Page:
Reach the summit of North Africa's highest peak and meet hospitable Berber people during a High Atlas trek.
It is possible to climb Mount Toubkal in as little as two days:
First day up to the refuge (around seven hours without mules).
Second day to the summit (around five hours) and back to Imlil (up to five hours).
Jebel Toubkal - Highest Peak in North Africa
Located only 65 km south of Marrakech, and at an altitude of 4,167 metres, Mount Toubkal is the highest peak in Morocco, the High Atlas Mountains and North Africa. Also known as Jebel (or Jbel) Toubkal, this impressive massif is a mecca for trekkers who climb to the summit for magnificent views of the Atlas range, and the satisfaction of conquering one of Africa's most famous mountains. It is the central attraction of Morocco's Mount Toubkal National Park.
One of the first recorded ascents of Toubkal by Europeans was on 12 June 1923 by the Marquis de Segonzac, V. Berger, and H. Dolbeau. Little did these intrepid climbers realise that over 80 years later, thousands of High Atlas trekkers would follow in their footsteps every summer on a pilgrimage to the summit.
Climbing Jebel Toubkal
An ascent of Mount Toubkal is one of Morocco's most popular attractions, achieved in as little as two days, but normally included as a highlight of a longer trek in the High Atlas, of up to 10 days or more.
A Toubkal ascent is possible after the snows have melted, with the season lasting from the start of May through to the end of September.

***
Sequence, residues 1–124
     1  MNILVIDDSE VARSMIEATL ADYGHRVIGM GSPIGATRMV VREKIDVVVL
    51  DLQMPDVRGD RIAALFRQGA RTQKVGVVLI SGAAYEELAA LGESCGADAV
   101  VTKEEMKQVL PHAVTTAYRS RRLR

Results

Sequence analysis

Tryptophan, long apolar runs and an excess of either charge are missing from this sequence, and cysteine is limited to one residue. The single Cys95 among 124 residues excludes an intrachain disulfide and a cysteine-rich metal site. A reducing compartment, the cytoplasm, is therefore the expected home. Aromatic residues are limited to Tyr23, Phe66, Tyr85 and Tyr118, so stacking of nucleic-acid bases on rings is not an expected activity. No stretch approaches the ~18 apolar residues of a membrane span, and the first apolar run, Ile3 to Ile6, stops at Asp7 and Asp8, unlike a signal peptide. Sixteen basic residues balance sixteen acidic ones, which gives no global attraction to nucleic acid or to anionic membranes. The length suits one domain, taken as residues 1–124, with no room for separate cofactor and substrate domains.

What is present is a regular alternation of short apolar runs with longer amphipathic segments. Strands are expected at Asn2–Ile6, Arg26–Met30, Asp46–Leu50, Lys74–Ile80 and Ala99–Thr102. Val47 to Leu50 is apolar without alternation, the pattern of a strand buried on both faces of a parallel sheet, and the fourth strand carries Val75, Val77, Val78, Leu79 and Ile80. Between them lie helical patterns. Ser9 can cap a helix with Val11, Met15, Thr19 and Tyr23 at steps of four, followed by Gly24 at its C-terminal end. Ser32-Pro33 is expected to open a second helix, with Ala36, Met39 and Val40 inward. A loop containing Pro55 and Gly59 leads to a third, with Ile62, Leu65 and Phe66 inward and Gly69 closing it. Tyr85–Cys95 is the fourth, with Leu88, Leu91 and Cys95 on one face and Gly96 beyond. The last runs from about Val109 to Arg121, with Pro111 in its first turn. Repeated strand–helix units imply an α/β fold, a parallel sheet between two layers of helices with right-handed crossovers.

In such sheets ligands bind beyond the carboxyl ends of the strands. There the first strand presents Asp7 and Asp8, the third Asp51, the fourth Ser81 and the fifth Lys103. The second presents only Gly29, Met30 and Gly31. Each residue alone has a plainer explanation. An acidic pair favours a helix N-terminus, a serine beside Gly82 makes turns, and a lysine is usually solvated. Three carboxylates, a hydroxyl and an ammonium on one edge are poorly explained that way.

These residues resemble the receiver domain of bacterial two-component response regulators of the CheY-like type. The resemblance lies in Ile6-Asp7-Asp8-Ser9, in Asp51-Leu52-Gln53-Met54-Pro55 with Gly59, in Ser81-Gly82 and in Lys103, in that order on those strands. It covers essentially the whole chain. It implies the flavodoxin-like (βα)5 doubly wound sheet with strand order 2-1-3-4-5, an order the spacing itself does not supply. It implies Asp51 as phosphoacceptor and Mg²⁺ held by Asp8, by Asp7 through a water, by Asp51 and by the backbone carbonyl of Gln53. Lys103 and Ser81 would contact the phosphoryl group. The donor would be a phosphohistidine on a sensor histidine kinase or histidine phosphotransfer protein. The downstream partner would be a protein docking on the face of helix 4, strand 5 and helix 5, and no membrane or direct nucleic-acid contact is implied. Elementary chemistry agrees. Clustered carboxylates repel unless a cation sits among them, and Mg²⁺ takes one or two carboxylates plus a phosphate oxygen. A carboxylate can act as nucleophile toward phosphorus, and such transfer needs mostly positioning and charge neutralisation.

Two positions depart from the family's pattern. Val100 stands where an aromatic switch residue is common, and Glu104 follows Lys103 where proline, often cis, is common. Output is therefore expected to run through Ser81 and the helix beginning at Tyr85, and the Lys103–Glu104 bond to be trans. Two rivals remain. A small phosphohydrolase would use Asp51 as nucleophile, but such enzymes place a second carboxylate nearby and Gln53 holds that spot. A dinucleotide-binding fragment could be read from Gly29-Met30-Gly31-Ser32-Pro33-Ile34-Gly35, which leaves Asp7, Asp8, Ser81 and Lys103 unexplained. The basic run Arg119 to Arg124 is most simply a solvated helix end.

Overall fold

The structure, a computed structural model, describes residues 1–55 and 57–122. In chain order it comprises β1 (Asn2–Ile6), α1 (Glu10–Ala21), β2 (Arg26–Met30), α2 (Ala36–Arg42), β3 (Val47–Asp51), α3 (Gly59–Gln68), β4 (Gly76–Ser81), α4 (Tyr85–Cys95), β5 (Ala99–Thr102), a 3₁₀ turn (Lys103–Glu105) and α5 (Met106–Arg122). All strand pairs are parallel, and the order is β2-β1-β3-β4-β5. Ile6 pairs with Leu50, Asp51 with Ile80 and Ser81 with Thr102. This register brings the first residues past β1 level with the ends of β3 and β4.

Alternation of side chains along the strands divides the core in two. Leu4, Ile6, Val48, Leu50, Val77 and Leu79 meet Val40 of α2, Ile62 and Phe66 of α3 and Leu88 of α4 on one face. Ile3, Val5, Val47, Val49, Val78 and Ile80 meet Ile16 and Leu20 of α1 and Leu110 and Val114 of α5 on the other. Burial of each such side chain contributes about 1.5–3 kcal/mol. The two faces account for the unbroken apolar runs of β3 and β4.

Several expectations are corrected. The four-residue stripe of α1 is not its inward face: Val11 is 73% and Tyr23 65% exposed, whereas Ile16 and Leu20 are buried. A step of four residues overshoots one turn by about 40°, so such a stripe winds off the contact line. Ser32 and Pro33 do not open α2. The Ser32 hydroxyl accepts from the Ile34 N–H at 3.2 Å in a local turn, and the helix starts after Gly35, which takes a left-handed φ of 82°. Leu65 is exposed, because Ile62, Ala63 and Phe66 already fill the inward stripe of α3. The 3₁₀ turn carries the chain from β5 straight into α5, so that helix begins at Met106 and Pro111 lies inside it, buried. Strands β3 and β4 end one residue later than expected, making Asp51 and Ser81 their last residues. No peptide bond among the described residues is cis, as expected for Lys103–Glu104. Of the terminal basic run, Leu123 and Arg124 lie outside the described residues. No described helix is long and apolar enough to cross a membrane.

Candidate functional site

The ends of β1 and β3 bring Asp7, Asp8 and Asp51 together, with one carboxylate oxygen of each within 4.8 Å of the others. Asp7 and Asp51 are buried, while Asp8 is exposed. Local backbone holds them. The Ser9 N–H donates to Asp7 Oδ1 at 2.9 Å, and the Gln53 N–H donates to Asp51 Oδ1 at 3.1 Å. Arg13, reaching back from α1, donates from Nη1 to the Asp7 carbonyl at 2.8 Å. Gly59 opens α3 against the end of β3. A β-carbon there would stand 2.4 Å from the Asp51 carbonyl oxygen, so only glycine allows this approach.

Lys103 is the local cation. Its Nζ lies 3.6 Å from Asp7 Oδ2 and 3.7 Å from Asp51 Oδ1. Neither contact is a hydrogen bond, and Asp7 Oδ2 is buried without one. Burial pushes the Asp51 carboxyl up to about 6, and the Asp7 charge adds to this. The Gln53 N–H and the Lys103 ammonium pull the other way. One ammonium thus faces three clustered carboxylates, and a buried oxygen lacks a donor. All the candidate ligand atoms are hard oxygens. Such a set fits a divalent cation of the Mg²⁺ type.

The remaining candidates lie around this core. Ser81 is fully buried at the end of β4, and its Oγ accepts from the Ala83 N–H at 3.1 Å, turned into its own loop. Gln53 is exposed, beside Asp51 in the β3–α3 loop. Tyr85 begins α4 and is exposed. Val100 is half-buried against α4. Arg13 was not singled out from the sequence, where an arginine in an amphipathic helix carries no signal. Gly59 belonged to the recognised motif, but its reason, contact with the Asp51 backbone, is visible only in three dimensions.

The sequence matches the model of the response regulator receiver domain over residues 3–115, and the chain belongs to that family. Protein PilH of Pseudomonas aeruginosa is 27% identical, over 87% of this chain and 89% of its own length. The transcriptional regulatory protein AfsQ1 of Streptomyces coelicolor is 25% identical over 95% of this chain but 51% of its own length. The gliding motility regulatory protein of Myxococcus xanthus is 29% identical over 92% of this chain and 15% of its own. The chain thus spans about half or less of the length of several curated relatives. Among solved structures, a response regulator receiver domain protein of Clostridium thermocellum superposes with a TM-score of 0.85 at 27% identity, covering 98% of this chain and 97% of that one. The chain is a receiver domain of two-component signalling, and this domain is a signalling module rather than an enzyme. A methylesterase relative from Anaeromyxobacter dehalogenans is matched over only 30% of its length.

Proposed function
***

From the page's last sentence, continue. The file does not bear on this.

The route is non-technical and relatively easy for experienced hikers and trekkers, only complicated by steep and slippery scree slopes and the risk of altitude sickness.
Sturdy boots and windproof clothing is required, whilst trekking poles are helpful on the scree. An ice-axe may be needed on the remaining snowfields in the early summer.
In summer the mountains can be very dry, but are sometimes subjected to storms - often in August. Although the temperature should keep above zero during the day, freezing conditions are possible over 3,500m. In winter the mountains are covered in snow and ice, and can be prone to avalanches.
Trekkers usually approach the mountain from the village of Aremd or Imlil accompanied by a qualified local mountain guide, as well as mules and mule handlers, for transport of equipment and food supplies.
The standard route commences with an easy walk to the village of Aremd. Past Aremd a floodplain is crossed from where the route follows the left slope of the valley southwards. The valley bends to the east to the tiny settlement of Sidi Chamharouch, which has grown around a Muslim shrine. At Sidi Chamharouch a path leads over the stream and steeply uphill to the right side of the Isougouane valley, which leads to two stone-built refuges (old Neltner Refuge and new Refuge du Toubkal, 3,207m).
From that point a path crosses the stream, climbs a steep scree slope to the east and enters a valley (corrie), then climbs another steep slope to reach a col (Tizi'n'Toubkal at 3,940m). At the col the route turns left (northwards) to the summit ridge of Jebel Toubkal. The 4,167m summit is crowned with a curious pyramidal metal frame and views take in most of the Atlas and Anti-Atlas Mountains.
Accommodation at Neltner
Spend a night in relative comfort at Toubkal Refuge and prepare for an early morning start before a summit attempt of Toubkal.
At only 65 km from Marrakech, Aremd or Imlil can be reached by private vehicle (with driver) in around 1 1/2 hours. The road narrows considerably after the turn-off from the market town of Asni, winding for 18 km up into the village. Once in Imlil travel is on foot (or possibly by mule for those who need assistance).